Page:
At Duolingo, we’ve developed a lot of proprietary metrics that help us improve our product in very specific and unique ways. One of the most important metrics that we created is Time Spent Learning Well (TSLW). 

This isn’t just any metric—it’s an essential quality metric that helps us optimize for learning alongside growth. TSLW has evolved over several years to become the version we use today—let’s look at how we got here, what it measures, and how we use it!

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How we arrived at TSLW

Since Duolingo is a learning app, we had to find creative ways to approximate teaching efficacy. Our Efficacy Lab conducts rigorous research to measure the efficacy of Duolingo, but these studies aren’t helpful in conducting A/B tests on a daily basis. It’s extremely important that we have a proxy metric for learning, because that’s what we’re here to do! So how did we land on Time Spent Learning Well?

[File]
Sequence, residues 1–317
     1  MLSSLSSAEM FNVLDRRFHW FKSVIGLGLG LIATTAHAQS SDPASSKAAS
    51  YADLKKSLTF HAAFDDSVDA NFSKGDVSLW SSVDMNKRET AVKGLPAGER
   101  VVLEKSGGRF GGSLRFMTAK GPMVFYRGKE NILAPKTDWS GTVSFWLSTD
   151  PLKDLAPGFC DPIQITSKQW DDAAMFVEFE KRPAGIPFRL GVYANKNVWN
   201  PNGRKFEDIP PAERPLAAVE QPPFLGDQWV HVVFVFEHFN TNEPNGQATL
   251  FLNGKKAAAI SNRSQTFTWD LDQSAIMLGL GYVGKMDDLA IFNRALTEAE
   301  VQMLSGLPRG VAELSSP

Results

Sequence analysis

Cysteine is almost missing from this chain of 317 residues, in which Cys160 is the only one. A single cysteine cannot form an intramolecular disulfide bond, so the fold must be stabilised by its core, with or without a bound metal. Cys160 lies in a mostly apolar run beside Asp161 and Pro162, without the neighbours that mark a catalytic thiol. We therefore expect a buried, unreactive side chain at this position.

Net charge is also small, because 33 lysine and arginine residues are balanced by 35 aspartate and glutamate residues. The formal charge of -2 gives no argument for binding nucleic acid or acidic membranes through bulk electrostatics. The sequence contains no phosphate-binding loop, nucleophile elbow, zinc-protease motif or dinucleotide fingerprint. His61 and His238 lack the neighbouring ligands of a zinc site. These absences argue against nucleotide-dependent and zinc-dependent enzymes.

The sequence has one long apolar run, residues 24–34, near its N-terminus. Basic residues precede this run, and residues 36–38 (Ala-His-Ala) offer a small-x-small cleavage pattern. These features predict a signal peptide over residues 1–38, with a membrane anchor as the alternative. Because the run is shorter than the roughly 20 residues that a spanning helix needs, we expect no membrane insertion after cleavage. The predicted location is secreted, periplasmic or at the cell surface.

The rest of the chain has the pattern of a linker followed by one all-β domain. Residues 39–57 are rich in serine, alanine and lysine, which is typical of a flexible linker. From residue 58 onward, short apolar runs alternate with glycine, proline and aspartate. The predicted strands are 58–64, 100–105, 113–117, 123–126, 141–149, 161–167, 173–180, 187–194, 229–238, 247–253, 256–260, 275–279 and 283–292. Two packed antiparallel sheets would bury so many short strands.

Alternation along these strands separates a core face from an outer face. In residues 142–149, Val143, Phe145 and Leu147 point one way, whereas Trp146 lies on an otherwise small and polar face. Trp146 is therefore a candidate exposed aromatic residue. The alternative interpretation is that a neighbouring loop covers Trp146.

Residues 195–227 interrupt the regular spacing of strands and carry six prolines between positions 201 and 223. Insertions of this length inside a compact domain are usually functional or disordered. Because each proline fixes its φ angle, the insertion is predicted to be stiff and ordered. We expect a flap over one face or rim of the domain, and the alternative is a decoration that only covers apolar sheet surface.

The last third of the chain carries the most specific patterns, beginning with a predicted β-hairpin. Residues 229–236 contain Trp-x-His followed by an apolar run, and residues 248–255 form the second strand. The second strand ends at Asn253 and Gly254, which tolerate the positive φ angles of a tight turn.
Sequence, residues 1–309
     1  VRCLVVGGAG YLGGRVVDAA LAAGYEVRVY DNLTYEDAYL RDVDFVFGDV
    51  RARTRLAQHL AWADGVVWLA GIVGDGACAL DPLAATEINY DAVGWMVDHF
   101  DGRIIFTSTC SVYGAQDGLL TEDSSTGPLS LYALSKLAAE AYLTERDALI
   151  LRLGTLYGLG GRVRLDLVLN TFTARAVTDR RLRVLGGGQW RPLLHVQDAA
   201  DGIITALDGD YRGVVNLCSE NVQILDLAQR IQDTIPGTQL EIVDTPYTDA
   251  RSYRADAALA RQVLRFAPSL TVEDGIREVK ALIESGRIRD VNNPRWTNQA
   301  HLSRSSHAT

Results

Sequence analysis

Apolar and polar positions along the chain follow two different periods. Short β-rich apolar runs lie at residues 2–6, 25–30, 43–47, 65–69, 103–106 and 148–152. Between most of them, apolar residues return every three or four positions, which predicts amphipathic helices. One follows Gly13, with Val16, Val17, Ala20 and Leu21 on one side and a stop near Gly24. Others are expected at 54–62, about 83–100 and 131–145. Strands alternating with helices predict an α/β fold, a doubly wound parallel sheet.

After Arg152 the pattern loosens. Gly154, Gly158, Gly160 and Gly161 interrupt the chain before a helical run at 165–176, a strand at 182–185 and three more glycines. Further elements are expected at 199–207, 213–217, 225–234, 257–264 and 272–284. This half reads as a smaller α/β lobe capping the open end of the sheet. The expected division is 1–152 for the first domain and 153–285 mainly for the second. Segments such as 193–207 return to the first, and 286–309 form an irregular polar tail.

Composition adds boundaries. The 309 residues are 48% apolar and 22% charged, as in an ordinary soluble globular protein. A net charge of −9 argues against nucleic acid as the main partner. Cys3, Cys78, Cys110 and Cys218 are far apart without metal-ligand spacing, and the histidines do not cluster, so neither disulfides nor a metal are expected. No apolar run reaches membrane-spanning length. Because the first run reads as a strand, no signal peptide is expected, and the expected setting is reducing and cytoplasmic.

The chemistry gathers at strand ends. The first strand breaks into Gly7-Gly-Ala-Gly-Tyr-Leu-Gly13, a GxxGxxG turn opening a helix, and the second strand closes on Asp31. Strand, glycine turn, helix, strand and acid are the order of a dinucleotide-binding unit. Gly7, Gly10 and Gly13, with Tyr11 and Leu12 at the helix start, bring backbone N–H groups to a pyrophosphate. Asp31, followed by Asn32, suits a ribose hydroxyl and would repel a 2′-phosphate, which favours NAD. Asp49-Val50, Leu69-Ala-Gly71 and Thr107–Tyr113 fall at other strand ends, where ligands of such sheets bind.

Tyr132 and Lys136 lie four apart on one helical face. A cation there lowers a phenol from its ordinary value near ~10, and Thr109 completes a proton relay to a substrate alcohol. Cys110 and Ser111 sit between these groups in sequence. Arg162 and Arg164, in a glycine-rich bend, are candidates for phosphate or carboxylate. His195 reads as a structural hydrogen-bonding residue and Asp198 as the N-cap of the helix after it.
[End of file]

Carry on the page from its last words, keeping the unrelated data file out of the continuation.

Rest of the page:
Total Sessions
We started with Total Sessions, which measured the total number of sessions people were completing (from a path lesson to a Match Madness round to a quick Story review). The idea was more sessions = better for learning. If you do more, you learn more, right? Not quite! 

We found that Total Sessions was an imperfect metric because session length (time spent doing the activity) was very variable. We wanted learners to advance through their course and encounter harder content, and naturally, harder lessons might take longer. (Not to mention that we want learners to encounter more advanced content—yes, it’s harder, but it’s also new!)

So if a learner has 15 minutes a day to spend doing Duolingo, that might be 5 easier sessions (faster to complete) or 3 harder sessions (longer to complete). In this case, fewer sessions was not necessarily a bad thing for the learner! The metric wasn’t accurately measuring engagement or learning—we were biased towards people who were grinding on shorter, easier sessions.

Chart showing the average seconds per lesson by content level. Intro content has the lowest average seconds per lesson, A-level has a slightly higher average, and B-level has the highest.